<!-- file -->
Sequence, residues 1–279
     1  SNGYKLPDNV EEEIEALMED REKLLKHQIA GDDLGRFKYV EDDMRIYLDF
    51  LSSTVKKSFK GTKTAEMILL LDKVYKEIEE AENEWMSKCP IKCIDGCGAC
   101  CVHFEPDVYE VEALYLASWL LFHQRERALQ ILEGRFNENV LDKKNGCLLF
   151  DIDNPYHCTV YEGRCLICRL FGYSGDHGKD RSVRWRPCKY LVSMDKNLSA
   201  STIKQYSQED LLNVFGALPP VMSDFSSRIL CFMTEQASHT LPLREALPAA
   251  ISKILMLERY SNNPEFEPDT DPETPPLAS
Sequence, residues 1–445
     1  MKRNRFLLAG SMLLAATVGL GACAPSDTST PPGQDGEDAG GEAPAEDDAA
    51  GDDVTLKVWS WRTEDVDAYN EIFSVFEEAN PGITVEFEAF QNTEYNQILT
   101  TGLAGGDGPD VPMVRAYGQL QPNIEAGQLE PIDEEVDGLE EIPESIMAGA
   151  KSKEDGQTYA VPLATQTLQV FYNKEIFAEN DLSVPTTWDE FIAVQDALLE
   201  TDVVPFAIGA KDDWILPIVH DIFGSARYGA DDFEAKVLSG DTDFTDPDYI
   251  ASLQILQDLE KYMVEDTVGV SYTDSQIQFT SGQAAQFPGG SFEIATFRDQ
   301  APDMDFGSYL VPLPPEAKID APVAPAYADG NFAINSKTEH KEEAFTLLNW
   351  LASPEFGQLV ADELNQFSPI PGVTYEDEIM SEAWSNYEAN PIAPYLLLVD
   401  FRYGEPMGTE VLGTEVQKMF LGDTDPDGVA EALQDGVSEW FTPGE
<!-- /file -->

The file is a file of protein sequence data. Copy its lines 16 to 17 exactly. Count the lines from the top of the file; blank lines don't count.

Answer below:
   351  LASPEFGQLV ADELNQFSPI PGVTYEDEIM SEAWSNYEAN PIAPYLLLVD
   401  FRYGEPMGTE VLGTEVQKMF LGDTDPDGVA EALQDGVSEW FTPGE